Since the wildlife health program first started in 2011, we have had many students come through our (virtual) doors- over 60 at last count. Our students have ranged from high school to post PhD/DVM, and they all come with unique interests, talents and career goals. We work with them to tailor experiences that help them on their way.
Andrew DiSalvo, CVM 2015
Andrew joined the wildlife health program as a summer intern in 2012, through a grant from the Wiederhold Foundation. Andrew was able to spend significant time in the field experiencing life from the perspective of a wildlife biologist, an important part of understanding how to apply veterinary skills to wild animals. He tracked timber rattlesnakes, checked traps for bog turtles, dived for eastern hellbenders, banded Canada geese and monitored anesthetized black bears. While working in the lab at the Animal Health Diagnostic Center, Andrew assisted with necropsies and case data analysis, as well as cataloging hundreds of samples for our freezer archive. Andrew also conducted small mammal capture and tissue collection as part of a rabies vaccination program and hiked alongside the USDA biologists tracking down feral swine in blistering heat.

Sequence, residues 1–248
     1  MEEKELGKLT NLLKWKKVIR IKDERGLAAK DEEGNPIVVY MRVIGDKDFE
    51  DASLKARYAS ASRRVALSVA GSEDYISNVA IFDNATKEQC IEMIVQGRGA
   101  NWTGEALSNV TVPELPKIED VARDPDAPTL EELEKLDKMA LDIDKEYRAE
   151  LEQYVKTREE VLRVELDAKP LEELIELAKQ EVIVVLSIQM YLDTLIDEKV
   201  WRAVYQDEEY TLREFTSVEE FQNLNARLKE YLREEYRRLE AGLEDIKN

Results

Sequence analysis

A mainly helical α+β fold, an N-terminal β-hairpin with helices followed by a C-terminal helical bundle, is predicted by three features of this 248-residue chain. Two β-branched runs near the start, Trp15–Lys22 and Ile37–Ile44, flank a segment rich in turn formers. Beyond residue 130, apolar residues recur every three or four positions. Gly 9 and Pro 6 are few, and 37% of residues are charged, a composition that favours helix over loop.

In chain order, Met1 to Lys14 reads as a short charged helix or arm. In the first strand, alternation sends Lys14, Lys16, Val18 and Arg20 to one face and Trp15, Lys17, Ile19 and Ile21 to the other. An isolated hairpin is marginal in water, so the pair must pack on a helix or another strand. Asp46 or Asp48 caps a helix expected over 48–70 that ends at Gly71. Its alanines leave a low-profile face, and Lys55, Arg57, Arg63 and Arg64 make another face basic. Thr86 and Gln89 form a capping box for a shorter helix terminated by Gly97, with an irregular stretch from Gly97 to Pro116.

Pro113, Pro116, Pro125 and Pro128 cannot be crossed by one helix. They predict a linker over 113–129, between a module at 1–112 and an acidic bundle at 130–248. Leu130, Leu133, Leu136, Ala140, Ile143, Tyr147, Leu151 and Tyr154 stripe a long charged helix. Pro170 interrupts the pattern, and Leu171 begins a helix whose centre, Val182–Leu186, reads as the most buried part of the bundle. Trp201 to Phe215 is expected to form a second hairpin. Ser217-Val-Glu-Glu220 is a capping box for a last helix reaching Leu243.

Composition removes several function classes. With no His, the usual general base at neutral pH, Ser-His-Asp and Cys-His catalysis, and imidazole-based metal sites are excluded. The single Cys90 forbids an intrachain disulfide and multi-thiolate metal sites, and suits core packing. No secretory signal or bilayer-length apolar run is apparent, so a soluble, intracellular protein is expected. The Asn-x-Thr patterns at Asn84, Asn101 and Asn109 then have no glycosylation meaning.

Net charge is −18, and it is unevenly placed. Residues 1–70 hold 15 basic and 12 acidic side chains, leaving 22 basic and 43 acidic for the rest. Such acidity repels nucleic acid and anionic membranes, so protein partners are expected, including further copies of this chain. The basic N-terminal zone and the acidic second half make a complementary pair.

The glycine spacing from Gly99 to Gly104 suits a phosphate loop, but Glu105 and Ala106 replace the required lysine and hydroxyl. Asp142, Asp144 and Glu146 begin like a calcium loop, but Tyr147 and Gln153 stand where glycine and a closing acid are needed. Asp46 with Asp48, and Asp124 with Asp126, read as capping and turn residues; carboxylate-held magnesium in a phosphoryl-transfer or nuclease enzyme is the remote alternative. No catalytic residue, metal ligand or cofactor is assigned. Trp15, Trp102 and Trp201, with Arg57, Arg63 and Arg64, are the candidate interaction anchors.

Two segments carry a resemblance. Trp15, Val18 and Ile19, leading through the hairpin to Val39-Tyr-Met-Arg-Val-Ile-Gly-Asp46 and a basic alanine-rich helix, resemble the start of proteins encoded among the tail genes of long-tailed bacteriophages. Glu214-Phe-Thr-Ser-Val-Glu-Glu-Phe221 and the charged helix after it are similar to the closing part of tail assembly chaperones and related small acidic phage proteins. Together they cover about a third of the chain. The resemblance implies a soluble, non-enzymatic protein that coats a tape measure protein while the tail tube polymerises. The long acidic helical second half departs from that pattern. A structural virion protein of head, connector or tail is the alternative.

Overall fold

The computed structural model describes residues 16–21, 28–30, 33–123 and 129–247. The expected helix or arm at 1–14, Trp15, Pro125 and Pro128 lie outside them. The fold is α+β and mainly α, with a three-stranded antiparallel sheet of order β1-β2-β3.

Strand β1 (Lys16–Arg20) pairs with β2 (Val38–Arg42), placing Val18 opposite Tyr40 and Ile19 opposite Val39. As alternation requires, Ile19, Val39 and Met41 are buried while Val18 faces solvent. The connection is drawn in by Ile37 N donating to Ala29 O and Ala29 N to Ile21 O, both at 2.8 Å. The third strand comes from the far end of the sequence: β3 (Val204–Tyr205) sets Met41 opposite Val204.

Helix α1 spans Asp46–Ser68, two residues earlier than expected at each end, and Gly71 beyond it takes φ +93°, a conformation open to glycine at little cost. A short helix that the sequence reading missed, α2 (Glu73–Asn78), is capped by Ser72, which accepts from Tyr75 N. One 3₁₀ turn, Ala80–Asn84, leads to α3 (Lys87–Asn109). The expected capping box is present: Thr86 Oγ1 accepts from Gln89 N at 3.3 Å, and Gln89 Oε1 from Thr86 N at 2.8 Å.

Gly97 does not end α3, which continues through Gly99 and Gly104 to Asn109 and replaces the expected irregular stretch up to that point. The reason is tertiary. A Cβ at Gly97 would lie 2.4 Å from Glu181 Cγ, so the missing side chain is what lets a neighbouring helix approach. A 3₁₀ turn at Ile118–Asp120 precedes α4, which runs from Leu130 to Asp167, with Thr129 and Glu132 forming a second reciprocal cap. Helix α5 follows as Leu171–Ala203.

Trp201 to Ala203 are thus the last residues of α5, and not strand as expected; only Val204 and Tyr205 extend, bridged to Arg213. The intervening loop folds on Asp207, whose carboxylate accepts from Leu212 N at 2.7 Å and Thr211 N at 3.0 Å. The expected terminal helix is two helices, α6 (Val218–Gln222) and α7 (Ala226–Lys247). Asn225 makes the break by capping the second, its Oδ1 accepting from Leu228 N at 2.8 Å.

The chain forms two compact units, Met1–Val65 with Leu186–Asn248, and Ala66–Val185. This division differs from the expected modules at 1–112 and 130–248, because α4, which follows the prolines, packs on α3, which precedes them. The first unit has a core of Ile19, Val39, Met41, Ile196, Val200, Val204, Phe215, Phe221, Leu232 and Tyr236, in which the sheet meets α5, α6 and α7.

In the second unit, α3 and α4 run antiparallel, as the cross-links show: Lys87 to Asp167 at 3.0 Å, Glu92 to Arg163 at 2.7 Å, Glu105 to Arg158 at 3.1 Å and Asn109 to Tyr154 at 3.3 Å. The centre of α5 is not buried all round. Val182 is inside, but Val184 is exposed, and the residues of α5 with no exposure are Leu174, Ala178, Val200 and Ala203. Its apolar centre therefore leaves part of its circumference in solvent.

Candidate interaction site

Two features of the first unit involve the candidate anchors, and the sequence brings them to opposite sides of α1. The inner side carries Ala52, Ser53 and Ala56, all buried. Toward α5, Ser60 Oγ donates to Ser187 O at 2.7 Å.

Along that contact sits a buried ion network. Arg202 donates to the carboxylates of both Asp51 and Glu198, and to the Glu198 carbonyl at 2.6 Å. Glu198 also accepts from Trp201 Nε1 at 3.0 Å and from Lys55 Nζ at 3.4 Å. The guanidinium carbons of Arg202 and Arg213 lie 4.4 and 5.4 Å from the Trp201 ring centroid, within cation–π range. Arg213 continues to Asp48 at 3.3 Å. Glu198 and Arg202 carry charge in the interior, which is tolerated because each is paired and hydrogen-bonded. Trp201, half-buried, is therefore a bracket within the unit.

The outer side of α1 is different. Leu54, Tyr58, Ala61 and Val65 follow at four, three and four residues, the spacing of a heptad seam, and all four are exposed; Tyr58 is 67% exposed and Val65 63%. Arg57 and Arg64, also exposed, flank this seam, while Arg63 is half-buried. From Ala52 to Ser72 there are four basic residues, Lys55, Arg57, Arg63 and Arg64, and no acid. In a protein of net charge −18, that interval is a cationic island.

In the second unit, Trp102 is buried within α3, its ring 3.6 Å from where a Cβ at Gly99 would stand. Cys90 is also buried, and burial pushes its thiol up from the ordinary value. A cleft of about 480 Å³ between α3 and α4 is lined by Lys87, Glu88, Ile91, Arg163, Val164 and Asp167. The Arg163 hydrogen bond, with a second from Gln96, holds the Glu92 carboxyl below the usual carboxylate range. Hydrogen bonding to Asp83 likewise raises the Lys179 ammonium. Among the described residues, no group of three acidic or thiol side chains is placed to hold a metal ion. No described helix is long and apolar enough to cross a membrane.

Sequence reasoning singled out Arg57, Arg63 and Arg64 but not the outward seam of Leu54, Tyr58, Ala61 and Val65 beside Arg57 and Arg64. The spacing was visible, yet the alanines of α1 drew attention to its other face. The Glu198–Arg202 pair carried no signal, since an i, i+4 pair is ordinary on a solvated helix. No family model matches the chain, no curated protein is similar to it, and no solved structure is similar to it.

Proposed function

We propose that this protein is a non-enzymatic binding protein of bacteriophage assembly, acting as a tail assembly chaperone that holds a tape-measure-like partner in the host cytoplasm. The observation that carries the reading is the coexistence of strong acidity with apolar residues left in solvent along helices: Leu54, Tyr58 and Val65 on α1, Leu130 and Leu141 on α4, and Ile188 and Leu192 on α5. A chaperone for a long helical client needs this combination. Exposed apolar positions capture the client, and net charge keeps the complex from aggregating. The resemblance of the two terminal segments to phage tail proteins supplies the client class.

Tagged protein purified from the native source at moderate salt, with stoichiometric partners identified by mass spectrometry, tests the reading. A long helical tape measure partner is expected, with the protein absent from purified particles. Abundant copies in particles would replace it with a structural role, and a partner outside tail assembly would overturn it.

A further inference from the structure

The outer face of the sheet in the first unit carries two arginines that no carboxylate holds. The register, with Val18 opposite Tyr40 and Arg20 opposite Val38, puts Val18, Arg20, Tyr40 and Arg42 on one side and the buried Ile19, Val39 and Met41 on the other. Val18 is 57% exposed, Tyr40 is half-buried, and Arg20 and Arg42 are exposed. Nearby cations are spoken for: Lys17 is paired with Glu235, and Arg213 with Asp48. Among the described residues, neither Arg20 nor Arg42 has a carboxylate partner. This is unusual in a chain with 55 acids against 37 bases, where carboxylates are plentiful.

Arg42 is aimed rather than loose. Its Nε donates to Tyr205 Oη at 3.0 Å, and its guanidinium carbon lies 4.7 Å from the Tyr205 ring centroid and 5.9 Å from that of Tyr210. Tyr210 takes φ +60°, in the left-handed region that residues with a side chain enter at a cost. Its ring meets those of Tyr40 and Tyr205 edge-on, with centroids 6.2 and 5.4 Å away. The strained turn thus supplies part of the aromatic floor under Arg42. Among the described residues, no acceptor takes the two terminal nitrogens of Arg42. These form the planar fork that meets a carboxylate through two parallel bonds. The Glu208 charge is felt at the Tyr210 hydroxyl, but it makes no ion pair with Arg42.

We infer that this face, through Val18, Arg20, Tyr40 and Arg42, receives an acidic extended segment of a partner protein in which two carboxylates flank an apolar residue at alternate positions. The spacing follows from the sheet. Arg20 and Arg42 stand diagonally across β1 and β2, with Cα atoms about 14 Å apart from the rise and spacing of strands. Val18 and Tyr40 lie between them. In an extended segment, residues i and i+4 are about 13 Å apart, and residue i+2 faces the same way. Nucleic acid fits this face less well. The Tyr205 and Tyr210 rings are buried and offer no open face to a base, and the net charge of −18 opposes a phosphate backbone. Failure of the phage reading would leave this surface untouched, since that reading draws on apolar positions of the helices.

After graduating from the CVM in 2015, Andrew spent his first year as a veterinarian in Namibia at the Cheetah Conservation Fund. He got first- hand experience capturing cheetahs in the bush, as well as breeding livestock guard dogs and treating the herd of milking goats. Next up, he honed his field anesthesia skills in the wilds of Staten Island, capturing and sterilizing white-tailed deer in one of the five boroughs of New York City.
These days Andrew is the first veterinary resident in a new Wildlife Health program at University of California Davis and California Department of Fish & Wildlife where he handles everything from tortoises to desert bighorn sheep while earning his Master’s degree in Preventive Veterinary Medicine.
Kailey Banks-Anderson, CVM, 2016
Kailey was one of our second group of Wiederhold interns during the summer of 2013. After taking the Safe Capture course that the program sponsors every year, she earned her stripes searching for feral pigs with USDA, banding Canada geese and counting common terns (not for the faint of heart, the helmet is protection from angry dive-bombing parents!). Kailey also assisted NYSDEC with bald eagle surveys and got slimed measuring eastern hellbender salamanders while swabbing for chytrid. At the same time Kailey racked up hours in the emergency clinic and was a regular volunteer at Janet L. Swanson Wildlife Health Center.